Japan Paralympian seeks to change perceptions with nude calendar

In this photo taken Thursday, July 12, 2012, a copy of a calendar shows Paralympic athlete Maya Nakanishi posing naked with her prosthetic in color, in Tokyo. AP Photo/Koji Sasahara

(AP) TOKYO - Maya Nakanishi is one of Japan's most promising track and field athletes. She just missed the podium at Beijing and is now on her way to London.

She has spent years training, competing or earning money in a bid to continue the cycle.

To get that extra edge, she left Japan — where she holds the national records in her class for the 100- and 200-meters and long jump — three years ago to chase her dream at the U.S. Olympic Training Center in Chula Vista, Calif., with track and field great Al Joyner, the 1984 Olympic triple jump gold medalist.

Those who are close to Nakanishi say her ambition, dedication and energy are on par with any Olympian they have ever known.

"She is amazing. She's a great athlete," Joyner said. "Her dedication is totally different."

Ask any Japanese who she is, however, and you are almost certain to draw a blank stare.

Until you mention that calendar.

The one in which she posed naked.

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Back in February, Nakanishi was flipping burgers at a McDonald's in her hometown in southern Japan. Since her U.S. visa doesn't allow her to hold a regular job there, she was using her three months in Japan to squirrel away as much money as she could for the year ahead.

Sports have never paid her bills.

She was a standout tennis player in high school. And against her parents' advice, she put off college so she could pursue her ambitions in the sport, and ended up working odd jobs to support herself. When she was 21, that meant cleaning the rust off construction materials at a paint factory.

Work was backing up, and everyone was under orders to step up the pace. She was bent over rubbing a chemical cleaner on a steel beam when she heard a strange sound, like a big wave coming toward her. She felt a strong jolt, then an incredibly sharp pain. A crane operator had dumped a 5-ton load where she and another employee were standing.

Five hours later, she had to make a decision.

Her right leg, below the knee, had to come off.

She would spend the next seven months living in a hospital.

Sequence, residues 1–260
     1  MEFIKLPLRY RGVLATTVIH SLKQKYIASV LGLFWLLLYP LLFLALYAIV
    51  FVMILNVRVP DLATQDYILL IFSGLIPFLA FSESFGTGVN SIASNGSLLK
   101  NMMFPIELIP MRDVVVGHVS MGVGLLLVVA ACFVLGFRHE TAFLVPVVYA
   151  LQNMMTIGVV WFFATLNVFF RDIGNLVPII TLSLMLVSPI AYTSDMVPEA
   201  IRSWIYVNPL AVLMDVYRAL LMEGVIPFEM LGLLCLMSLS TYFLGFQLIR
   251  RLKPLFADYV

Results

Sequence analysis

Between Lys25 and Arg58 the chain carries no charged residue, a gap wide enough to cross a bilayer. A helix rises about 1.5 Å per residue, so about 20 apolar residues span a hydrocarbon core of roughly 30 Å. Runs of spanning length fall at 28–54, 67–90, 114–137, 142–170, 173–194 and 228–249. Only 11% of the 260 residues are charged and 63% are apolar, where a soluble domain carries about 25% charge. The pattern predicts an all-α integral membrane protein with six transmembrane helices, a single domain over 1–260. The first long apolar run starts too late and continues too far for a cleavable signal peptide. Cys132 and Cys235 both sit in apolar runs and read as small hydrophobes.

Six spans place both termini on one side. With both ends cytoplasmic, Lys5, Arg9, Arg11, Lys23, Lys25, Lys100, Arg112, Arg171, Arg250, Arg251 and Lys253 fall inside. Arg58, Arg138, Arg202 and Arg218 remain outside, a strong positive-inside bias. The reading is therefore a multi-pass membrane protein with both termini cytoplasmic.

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Nakanishi, who is 27, never liked track and field much. She was a doubles player, and it was the teamwork that most appealed to her in sport. Track seemed almost selfish in its focus on individual achievement.

After her accident, she tried to return to the tennis court. But it wasn't the same. She knew she wouldn't be able to play at the same level. More than that, though, she just felt out of place.

"It was really shocking to me," she said. "I felt like no one understood me."

Athletics was different. There were people like her, races specifically for amputees. She could compete — and that was what she was driven to do. So she gave it a try.

In 2007, she entered her first major competition. She shattered the national records in the 100 and 200 for athletes with below-the-knee amputations. The next year, she was representing her country at the Beijing Paralympics. She set a national record again in her 200 semifinal.

"I couldn't keep my focus for the final because I was so excited," she said.

Leaving her family and friends behind, and speaking almost no English, she moved to California to work with Joyner the following year.

It was an eye-opening experience.

"When I was in the U.S., I felt so funny because I was training with Olympic athletes. In Japan, you can't do that," she said. "I felt like I'm a real athlete. In Japan, with handicapped people, many people think we can't do anything."

She decided she wanted to change that.

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McDonald's was a paycheck, but it wasn't nearly enough.

Not only did Nakanishi have to pay for her training and living expenses in San Diego, she was planning out a 55-meet touring schedule for the coming year. Whatever prize money she won would be sucked away by hotel bills, airplane tickets and food.